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Eleanor Cardwell: “I’m seeing more and more women on the TV every day and it makes me want to train harder”

Eleanor Cardwell of Manchester Thunder during the Vitality Super League match between Manchester Thunder and London Pulse at Studio 001, Wakefield, England on 21st January 2021.

She may play netball at the highest level but Eleanor Cardwell’s belief in the power of grassroots sport is infectious.

“I just think it’s so beneficial for young kids. First of all if you join a team sport, you’re going to just make so many friends and have so much fun.”

Cardwell is studying sport science at the moment and has ambitions to become a PE teacher, a career she has clearly had an aptitude for from a young age.

“I was one of those kids in secondary school who was running round the courtyard trying to get seven players for a netball team or trying to get 11 players for a football team!

“I was teaching people footwork at lunchtime and teaching people how to throw a rounders ball. As soon as they got involved, they all loved it.”

She spends one day a week teaching in a primary school alongside her netball training and has ambitions to inspire young children into sport.

“I would definitely say all kids should be involved in some kind of sport. It doesn’t matter what it is, whether it’s team sport or individual sport. In a team sport, you’re going to learn teamwork and communication and all that sort of stuff.

“But taekwondo was my main sport for years and that taught me discipline, control and power. You bring different things in from different sports.”

Cardwell believes the level of this season’s Vitality Netball Superleague will inspire even more young people to get involved in netball.

“I’m seeing more and more women on the TV every day and it makes me want to train harder. My little cousin would never have been into sport, but she came along to one England game in Liverpool and now she’s obsessed with netball and wants to play it all the time. Just little things like that, it’s great to see.”

Her qualities as a role model include not only her current performance but her resilience through setbacks.

“When I got asked to try out for the North West region I didn’t get in first of all – I got in the following year. I was a defender back then as well and I think the England U17s were short of defenders at the time. They decided to put on a defensive camp and that’s when I got into England.

“I went through all the England youth systems as a defender and through the four-year cycle of trying to get to World Youth Champs with the U21s, but unfortunately I didn’t get through to the last part, the actual competition.

“I remember playing in one England trial and the first quarter was against Jo Harten and I was like… ‘Alright, this is how it’s going to go!’”

Cardwell was disappointed but carried on playing for Manchester Thunder as well as her university team. It was one particular training session at university that changed her netball journey forever.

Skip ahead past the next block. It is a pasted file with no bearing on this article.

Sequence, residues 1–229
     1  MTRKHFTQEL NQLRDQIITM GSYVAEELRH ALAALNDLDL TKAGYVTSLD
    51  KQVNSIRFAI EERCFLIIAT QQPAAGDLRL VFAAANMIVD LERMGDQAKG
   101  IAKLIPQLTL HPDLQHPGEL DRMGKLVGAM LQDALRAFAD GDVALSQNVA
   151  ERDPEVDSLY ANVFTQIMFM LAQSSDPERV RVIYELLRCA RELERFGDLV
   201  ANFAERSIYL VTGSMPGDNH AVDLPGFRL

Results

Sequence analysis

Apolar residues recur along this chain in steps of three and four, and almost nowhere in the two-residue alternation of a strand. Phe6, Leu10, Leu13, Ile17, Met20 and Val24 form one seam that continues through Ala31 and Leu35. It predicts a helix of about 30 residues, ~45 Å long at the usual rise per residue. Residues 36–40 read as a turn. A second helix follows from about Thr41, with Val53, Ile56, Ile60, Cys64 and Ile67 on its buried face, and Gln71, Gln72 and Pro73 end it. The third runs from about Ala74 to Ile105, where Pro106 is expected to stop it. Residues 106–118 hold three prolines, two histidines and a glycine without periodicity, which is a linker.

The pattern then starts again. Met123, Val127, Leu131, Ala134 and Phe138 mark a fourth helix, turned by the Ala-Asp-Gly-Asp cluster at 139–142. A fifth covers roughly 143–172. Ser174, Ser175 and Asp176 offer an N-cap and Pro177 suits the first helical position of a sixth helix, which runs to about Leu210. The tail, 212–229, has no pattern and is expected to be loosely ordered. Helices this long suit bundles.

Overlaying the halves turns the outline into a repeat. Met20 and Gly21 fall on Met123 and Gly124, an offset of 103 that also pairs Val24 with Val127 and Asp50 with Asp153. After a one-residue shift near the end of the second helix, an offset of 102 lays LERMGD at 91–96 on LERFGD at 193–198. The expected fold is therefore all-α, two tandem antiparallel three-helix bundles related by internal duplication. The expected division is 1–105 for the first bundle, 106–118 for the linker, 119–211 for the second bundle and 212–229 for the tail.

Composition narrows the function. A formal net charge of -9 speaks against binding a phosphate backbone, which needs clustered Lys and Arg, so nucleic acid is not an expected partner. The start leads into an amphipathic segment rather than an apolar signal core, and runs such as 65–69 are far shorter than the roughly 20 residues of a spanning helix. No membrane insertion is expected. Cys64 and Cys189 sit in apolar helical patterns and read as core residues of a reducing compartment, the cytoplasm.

“One training session one of our goal attacks went home, so Tracey Neville asked me to sit in as a goal attack for the session. They [her teammates] were all laughing and joking saying, ‘Eleanor, you’re our next goal-attack, goal-shooter’ and I was like ‘nah it’s not happening.’

“The next morning I got a phone call off Tracey. I thought I was in loads of trouble because you never get a phone call off Tracey. It was half seven in the morning and I was like, ‘Hello… are you alright?’ And she said ‘I think you can be the next best shooter. If you want to make it in netball, I think this is what you can do’.  From there that’s where my career changed and I became a shooter. I was no longer allowed to pick up the goal-keeper or goal-defence bib!”.

Tracey’s intervention paid off, as Cardwell is now one of Britain’s best goal shooters. She says her journey from that phone call still wasn’t plain sailing.

“I didn’t know anything about being a shooter. I had to go to all the U17s England days to learn from all the 15-year-olds. I was about 20 and they were younger than my sister, so it was a bit weird.

“I was asking, ‘How do you do a split in the circle? How do you do that, how do you work your feet?’ I was baffled because I was only ever used to being a goal keeper.”

It paid off, though, as she was one of the first 20 athletes to be selected for the full-time Roses programme.

“That was crazy to me. Especially as it was my first year being a shooter. It’s just been a massive learning experience from there as I was so inexperienced and everyone else knew more about the role than me. It just meant I was taking in all this information and absorbing like a sponge.”

Cardwell’s advice to other players would be to use every opportunity to their advantage.

“I just think having that mindset of… Say if you don’t get selected for a game, remember you can still improve yourself in training. If you’re pushing the other girls even further, you’re only enhancing your own performance and you’re playing against good players because they’ve been selected.”

And her advice for lockdown?

“Obviously we’ve all not been able to train in this weird time, so just think ‘OK, my opposition are also in this situation and they might not want to train and can’t be bothered. So use that time to think, right, I’m going to really work. If you’re a shooter and you just work on long shots and nail 20 of them a day, just do something every day.”

International Women’s Day takes place on 8 March 2021 with the campaign theme of #ChooseToChallenge. From challenge comes change, so let’s all choose to challenge.

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